When we talk about sodas, it’s easy to say that all of them are unhealthy because the major brands of soda are known for having so much sugar that they can trigger diabetes. What is the healthiest soda, then? Does Sprite have caffeine? Does Fanta have caffeine?
We take a closer look at the top brands of soda and list them down in the degree that they can harm the body. The ones on the top are the least harmful, while those on the bottom can do some real work on your tooth enamel and possibly expose you to some long-term health risks.
Sierra Mist tops our list of healthy sodas because it contains slightly fewer calories at 140 calories per cup and just 37 grams of carbohydrates. Keep in mind that diabetic individuals are advised against consuming large quantities of carbohydrates, and one cup of Sierra Mist can still provide 37 grams of carbs. Keep this in mind while scanning this breakdown because high fructose corn syrup can cause problems with people with metabolic issues.
Sprite is a lime-lemon soda from the Coca-Cola Company, which also produces Coke. We place Sprite second on the list of healthier sodas because it doesn’t have artificial coloring.
Artificial coloring has been linked to certain diseases like cancer when consumed in large quantities, so it’s best to stay away from such beverages if you have a high risk of developing cancer due to family history. Sprite’s nutrition facts: About 100 grams of Sprite contain 10 grams of carbohydrates, 9 mg of sodium, and not much else. A single serving provides 39 calories of energy. Is Sprite caffeine-free? Sprite does not contain any caffeine, so it’s not the best soda to consume if you want to get caffeinated.
We include 7 Up here for the same reason that we included Sprite: it has no artificial color, and therefore, it is a little bit better than sodas that have deeper colors. The soda issue extends not just to the caloric content and the sugar content but also other things added to them.
For example, the acids that they normally add to most sodas can make quick work of the dentine or the teeth’ enamel, which is necessary to maintain the tooth structure. If you have tooth issues in general, we advise against drinking larger quantities of soda.
Seagram’s Ginger Ale
While Seagram’s Ginger Ale may not be on everybody’s mind when thinking of soda, it satisfies the characteristics of soda. A serving of Seagram’s Ginger Ale contains just 34 grams of carbohydrates and 40 mg of sodium. If you need less sodium because you have a kidney issue or something similar, then pick sodas like Sprite.
We know: Coke is a classic. However, we have a couple of bones to pick with Coke, so it can’t be on top of it. First of all, Coke has artificial colors. Over the years, hundreds of food dyes or artificial colors have been developed for various consumer food products.
However, many of these have proven to be cancer-causing or toxic to the body. The big issue here is the risk. There is no indication that the stuff they’re adding to regular Coke and other soda with food dyes is completely safe.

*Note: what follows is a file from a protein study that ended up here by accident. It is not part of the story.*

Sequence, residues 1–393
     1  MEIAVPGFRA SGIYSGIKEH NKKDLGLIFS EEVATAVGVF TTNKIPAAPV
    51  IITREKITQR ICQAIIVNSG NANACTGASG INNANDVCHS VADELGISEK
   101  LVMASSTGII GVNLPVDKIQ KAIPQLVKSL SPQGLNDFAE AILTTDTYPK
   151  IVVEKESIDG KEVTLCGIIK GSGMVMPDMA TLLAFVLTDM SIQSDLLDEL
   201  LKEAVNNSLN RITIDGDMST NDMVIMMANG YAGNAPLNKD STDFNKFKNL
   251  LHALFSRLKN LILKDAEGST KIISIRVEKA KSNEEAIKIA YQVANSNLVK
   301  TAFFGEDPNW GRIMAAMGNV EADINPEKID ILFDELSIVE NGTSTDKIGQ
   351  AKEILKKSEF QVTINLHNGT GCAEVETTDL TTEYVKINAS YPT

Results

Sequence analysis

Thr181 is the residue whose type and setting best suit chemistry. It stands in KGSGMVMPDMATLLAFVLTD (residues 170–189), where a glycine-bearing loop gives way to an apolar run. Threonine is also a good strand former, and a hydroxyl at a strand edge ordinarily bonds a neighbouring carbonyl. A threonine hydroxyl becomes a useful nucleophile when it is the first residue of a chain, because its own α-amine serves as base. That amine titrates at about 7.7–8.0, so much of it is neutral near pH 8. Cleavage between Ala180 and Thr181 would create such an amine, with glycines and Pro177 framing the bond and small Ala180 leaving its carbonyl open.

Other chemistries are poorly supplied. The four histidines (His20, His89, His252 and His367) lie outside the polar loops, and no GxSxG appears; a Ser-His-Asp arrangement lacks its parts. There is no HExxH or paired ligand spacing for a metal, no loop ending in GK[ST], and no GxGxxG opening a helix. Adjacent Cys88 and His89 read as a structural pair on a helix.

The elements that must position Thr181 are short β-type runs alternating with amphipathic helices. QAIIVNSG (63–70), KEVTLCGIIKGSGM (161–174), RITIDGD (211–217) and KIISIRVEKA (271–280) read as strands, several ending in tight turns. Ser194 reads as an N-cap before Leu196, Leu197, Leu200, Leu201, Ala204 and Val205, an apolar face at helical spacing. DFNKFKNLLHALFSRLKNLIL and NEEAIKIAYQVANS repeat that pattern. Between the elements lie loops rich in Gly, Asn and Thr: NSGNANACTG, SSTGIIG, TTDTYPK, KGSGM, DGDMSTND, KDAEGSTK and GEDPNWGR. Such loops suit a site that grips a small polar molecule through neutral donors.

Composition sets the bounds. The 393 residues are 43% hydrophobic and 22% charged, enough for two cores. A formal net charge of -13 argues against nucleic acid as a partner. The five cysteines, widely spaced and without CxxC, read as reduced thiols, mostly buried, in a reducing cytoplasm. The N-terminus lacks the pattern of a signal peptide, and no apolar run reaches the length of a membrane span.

Unless they address this shortly, the food dyes will remain a huge issue with the soda industry. A serving of regular Coke contains 39 grams of carbohydrates and roughly 45 milligrams of sodium. Twelve fl. oz. of Coke is equivalent to 138 calories.
Pepsi is tied with Coke because it’s not much better in the league of calories and sugar. 330 ml of Pepsi gives you 36 grams of carbohydrates and 135 calories of energy. They’re nearly identical, but the difference in flavor is where the split occurs with the fans.
The Big Question
Should people continue drinking soda? The general answer to this question is: it depends on how healthy the person is. Because soda is not a health drink. Soda isn’t medicine, either.
Soda was meant to satisfy thirst and to deliver calories and sugar. We already know what’s bad for us, and what makes some foods and beverages less likely to be healthy.
If you are going to continue drinking soft drinks and other soda, you need to take stock of the possible side effects.
For one, the hefty sugar load of sodas can increase the fat stored in your liver. Visceral fat stores are known for triggering inflammation in many organs, and this triggers other further problems.
If you want to reduce the impact of fat in your body, you need to start cutting down animal fat and sugar sources. Dietary sugar as the most impact on the body because it requires so little of it throughout the day.
Another problem that is associated indirectly with the consumption of sugary soda is insulin resistance. When there is too much insulin in the body and your cells stop responding to the insulin, that’s a warning sign that you may be headed to developing metabolic syndrome. Metabolic syndrome is the precursor to many diseases, including high blood pressure and type 2 diabetes.
Another alarming problem linked to the heightened consumption of fructose and other kinds of sugar is leptin resistance. Leptin resistance has an impact on how many calories a person consumes throughout the day.
Sugar causes a lower sensitivity to leptin, which triggers an increase in the consumption of even more calories. The good news: when you reduce your sugar intake, the leptin resistance can take a back seat, and the metabolism of a person can go back to normal.
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